"Waterfowl In The Land Of The Lakota"
By Ted Jarosh
My watch indicated legal shooting time as the eastern horizon
blushed its first brush stroke of pale orange. As if on cue,
a squadron of mallards appeared in an uneven knot and headed
for our field decoys. The ducks swung around the four of us as
we lay shivering in our coffin blinds. They lined up downwind,
cupping their whistling spitfire wings, and riding an invisible
escalator down into the decoys. "Take 'em, " Mike Schell,
our guide, breathed.
My gun was already pointed. The lead drake tumbled at my opening
shot. I turned and began chopping through the rest of the flock.
From that point one can only guess at who shot what, but the
three ducks I aimed at tumbled after my shots.
As the smoke cleared, seven big mallards had bounced off the
tilled, hard, North Dakota ground. We barely had time to reload
before more ducks zeroed in on our decoys, and Mike was calling
shots again. For two solid hours we had legal waterfowl in the
Snow geese spiced up the hunt. Within a half hour of shooting
time they were lifting off a distant lake behind us and heading
on a low quavering rope toward the massive decoy spread we'd
set in the inky predawn.
This put us in an interesting position. The ducks were coming
in from in front, the geese from behind. Our guide asked us to
pass up easy shots at mallards to let the geese come. I watched
mallards in easy range from over my shoulder as we waited for
the geese to get in range. When they did, we blew through the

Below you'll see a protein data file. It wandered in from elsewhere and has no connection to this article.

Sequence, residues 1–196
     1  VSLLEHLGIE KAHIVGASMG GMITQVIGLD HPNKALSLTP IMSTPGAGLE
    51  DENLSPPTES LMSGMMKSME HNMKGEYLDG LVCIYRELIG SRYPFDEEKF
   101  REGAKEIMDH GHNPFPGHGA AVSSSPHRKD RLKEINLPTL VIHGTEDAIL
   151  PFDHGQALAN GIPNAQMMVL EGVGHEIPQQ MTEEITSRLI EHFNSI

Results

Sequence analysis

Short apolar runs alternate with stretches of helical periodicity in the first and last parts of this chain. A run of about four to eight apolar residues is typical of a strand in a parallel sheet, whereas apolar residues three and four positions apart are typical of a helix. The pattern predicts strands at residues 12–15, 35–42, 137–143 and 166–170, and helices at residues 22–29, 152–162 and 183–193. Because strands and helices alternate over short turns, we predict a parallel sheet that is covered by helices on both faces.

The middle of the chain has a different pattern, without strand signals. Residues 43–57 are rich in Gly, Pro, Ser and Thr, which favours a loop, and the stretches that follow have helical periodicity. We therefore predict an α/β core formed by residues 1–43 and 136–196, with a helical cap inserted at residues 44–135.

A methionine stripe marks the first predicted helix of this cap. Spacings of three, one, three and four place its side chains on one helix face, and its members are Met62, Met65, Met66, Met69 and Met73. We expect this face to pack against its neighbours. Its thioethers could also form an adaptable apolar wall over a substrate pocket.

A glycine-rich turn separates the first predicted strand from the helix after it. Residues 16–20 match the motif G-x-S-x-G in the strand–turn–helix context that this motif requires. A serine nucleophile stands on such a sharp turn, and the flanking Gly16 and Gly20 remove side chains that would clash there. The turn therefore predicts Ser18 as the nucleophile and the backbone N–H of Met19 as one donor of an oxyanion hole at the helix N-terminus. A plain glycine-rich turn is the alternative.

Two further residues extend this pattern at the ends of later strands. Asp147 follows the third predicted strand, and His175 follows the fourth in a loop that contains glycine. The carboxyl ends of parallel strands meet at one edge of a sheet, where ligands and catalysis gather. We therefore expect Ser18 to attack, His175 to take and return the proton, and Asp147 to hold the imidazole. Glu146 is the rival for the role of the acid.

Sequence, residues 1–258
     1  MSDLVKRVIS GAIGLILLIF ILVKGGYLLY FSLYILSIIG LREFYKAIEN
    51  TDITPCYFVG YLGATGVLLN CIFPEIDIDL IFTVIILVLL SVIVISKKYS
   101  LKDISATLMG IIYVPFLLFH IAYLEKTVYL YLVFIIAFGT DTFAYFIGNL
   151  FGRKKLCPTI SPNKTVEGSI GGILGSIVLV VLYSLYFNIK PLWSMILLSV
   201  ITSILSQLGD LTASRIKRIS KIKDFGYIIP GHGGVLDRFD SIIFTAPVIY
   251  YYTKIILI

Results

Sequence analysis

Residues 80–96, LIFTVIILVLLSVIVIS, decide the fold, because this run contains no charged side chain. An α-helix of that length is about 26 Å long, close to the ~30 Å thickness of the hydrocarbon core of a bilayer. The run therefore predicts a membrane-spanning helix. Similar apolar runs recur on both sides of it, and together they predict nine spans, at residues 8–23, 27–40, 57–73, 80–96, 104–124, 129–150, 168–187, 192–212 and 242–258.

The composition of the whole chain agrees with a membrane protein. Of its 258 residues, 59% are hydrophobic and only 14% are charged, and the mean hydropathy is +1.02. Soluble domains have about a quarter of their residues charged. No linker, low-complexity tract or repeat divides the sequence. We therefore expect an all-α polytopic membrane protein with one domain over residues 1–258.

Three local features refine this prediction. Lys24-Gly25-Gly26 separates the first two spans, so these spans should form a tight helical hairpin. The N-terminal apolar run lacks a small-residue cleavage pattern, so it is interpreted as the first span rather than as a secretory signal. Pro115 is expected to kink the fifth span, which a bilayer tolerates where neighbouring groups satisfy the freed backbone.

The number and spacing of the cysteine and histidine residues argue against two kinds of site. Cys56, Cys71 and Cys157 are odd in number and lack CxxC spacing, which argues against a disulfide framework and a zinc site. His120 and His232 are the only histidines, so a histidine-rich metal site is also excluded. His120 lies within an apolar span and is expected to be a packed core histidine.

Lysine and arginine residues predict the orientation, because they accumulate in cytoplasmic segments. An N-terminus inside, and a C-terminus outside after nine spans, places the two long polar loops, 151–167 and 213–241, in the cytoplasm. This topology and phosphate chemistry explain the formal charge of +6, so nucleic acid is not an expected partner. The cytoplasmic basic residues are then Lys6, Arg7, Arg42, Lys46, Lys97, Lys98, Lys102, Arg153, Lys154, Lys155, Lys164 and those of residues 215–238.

geese. A nice double on pristine snow geese which had taken a
line far to my side was the high point of my personal hunt.
While I was on an eventually successful wild goose chase, running
down the second half of that double, the guys from Pennsylvania
had opportunities to dump geese from a flock of Canadas, and
a second flock of mostly Blue geese. Both hunters were first
time waterfowlers who had won a contest through Delta Waterfowl
Association to come and hunt out of Woodland Resort in Devils
Lake. The resort had donated the hunt as a means of giving back
to the sport.
My good retriever Elwood had been left behind at the request
of the guides, who doubtless had seen more than a few customers
"great" duck dogs ruin hunts with bad behavior. Mine
would have been helpful on the inevitable chases, and I lamented
not having him around. Later that very day, the Mike Schell informed
me that he had purchased a Chocolate retriever pup to do the
retrieving for the 2003 season.
This was as close to waterfowl heaven as I ever expect to get.
As I drove lonely highway 2 west from Fargo to Devils Lake the
previous day, I was constantly viewing the various and sundry
puddles and ponds which give this "pothole region"
its moniker. But my head was on a swivel. At least half of these
waters had big flocks of dabbling